Sixth funeral held since Friday’s fatal blast in Creeslough which killed ten people
A mother-of-four killed in the Creeslough service station tragedy had an “abundance of love”, her funeral service heard.
President of Ireland Michael D Higgins and Taoiseach Micheál Martin’s aide-de-camp were among those who attended the service for Martina Martin, 49.
She was working in the shop when the explosion happened.
“She was very special to us. She was very special to her colleagues and she was very special to us all.”
Her family walked behind the hearse as it arrived at St Michael’s Church in Creeslough on Thursday morning.
Crowds once again lined the streets and gathered at the entrance to the church to say goodbye to another member of their community.
Her co-workers provided a guard of honour as her coffin was brought into the church.
Representatives of Mulroy College in Milford, where two of her children attend, were also part of the honour guard.
“Martina had an abundance of love,” Fr John Joe Duffy told the congregation.
“She was sensitive to the needs of others and to those who are sensitive to the needs of others, life offers innumerable opportunities to practice the commandment of love.
“Real love requires hard work and patience. It requires doing up rotas on a board in the kitchen of the house telling you, the children, what your tasks are; emptying the bins, which I’m sure you did without fail.
“Putting out the bins, washing the dishes, which I’m sure great care was given to, and taking Dusty, Sophie and Junior for a walk.
“Dusty being the dog and Sophie and Junior being the cats. She offered you that love, that love in helping you prepare for the realities of life, and she did it so very well.
“For real love, for her, was a way of life.
“Her quick wit, her straight talking was done and given with love and with goodness.”
The mourners attending the funeral were also told that Mrs Martin loved the people of Creeslough.
“And we, each and every one of us who knew her, very much loved her,” Fr Duffy added.
“She was very special to us. She was very special to her colleagues and she was very special to us all.
“If we were having a bad day, the quick wit would lift us up. She cared for the customers in another way.
“Martina’s friends describe her as your mother hen, your mother hen to the core, she lived for you.
“She lived for you, her children. She never missed a birthday and loved to meet for a coffee to catch up.
“Martina was a beautiful person, her beauty inside radiated in that kind of cheeky mischievous smile which flowed out to you when you met her.
“She was the voice of reason when others were hurting.
“She never minced her words and was the kindest friend you could ever have. She was the life and soul of any night-out, she didn’t dwell on the problems she was facing, but put others first.”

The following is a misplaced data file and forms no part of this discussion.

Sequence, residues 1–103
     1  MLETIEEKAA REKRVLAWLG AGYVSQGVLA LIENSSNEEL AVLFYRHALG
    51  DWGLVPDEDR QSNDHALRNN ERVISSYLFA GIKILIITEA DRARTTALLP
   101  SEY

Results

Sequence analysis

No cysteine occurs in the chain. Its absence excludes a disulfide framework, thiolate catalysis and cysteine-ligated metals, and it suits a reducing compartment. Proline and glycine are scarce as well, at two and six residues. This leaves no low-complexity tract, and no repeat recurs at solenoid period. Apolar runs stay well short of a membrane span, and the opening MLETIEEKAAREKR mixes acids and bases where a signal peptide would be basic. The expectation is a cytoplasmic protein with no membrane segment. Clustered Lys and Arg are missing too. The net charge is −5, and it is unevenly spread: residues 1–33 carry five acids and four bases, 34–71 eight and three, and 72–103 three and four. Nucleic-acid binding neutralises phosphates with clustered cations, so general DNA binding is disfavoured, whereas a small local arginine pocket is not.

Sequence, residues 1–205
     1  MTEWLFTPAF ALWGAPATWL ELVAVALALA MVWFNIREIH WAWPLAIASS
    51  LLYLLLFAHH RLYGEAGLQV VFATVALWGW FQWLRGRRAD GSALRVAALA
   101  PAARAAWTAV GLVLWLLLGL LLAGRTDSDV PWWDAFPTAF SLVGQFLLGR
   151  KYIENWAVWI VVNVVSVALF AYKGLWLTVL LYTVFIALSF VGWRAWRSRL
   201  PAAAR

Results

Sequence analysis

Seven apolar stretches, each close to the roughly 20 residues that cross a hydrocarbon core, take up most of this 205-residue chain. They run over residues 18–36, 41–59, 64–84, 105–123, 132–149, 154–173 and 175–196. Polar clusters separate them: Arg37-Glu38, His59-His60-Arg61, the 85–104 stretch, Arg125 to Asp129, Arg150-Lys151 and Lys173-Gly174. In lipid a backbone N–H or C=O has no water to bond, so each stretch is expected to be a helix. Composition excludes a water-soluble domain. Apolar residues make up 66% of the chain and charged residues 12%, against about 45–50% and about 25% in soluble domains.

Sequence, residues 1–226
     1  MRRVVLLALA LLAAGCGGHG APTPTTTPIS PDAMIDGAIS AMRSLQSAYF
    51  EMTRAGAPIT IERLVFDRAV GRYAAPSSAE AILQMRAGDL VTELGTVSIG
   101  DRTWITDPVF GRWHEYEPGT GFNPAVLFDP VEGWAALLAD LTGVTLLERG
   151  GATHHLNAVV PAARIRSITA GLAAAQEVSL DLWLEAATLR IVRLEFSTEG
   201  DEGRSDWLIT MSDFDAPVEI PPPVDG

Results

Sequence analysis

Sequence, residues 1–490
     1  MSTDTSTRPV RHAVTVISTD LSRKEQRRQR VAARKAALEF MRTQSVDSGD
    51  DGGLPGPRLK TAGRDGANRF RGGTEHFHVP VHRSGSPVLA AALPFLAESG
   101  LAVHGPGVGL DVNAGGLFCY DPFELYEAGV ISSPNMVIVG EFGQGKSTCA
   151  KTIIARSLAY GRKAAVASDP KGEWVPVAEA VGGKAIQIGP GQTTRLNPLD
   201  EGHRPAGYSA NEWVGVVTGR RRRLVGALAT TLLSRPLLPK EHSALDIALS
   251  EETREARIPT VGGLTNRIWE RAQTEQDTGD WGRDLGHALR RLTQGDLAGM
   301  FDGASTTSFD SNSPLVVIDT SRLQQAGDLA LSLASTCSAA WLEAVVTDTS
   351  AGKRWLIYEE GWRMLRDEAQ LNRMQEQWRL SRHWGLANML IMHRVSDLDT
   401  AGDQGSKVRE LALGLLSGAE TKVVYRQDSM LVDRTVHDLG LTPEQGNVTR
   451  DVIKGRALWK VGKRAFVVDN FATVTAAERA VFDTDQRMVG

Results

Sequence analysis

Mourners were told how she worked at the heart of the community in an “exceptionally nice place”, and that customers would have met her naturally friendly face.
“She was at work as normal, doing what she did, doing what she liked, doing what she loved, doing what was routine to us all and then, what turned out as a normal day, ended up a very different way to the way that it ordinarily would,” Fr Duffy added.
“All things changed, events outside our control, outside the control indeed of any one of us, those few seconds of time last Friday have impacted so much on you as a family and on so many other families and on all of us.
“Seconds that changed in time, that led to the changing for future generations of our village, our community and communities beyond. The events of last Friday will be forever etched in our hearts.”
He said that the community of Creeslough is growing in strength each day to get through the hours and days ahead.
“Creeslough is a small village, but it is now more than just that. It is now a word for determination, for resolve and for togetherness and how important togetherness is,” Fr Duffy added.
“This tragedy has reignited within all of us, myself included, that each one of us are only as strong as the families we have around us, only as strong as the community that surrounds us.”
At the end of the service Fr Duffy urged people affected by the tragedy to contact local counselling services, which he said he intended to do himself.
The service is the sixth funeral for the victims of Friday’s tragedy, and the fifth to be held at St Michael’s Church.
The funerals of Jessica Gallagher, 24, and Martin McGill, 49, were held in Creeslough on Tuesday, while those of Catherine O’Donnell, 39, and her son James Monaghan, 13, were held in Creeslough on Wednesday afternoon, and a service for James O’Flaherty, 48, was held in the morning in Derrybeg.
The funeral of 14-year-old Leona Harper will take place at St Mary’s Church in Ramelton on Thursday afternoon, and that of the oldest victim of the tragedy, 59-year-old Hugh Kelly, will take place in St Michael’s on Friday morning.
Funeral details for the youngest victim, Shauna Flanagan Garwe, 5, and her father Robert Garwe, 50, have yet to be announced.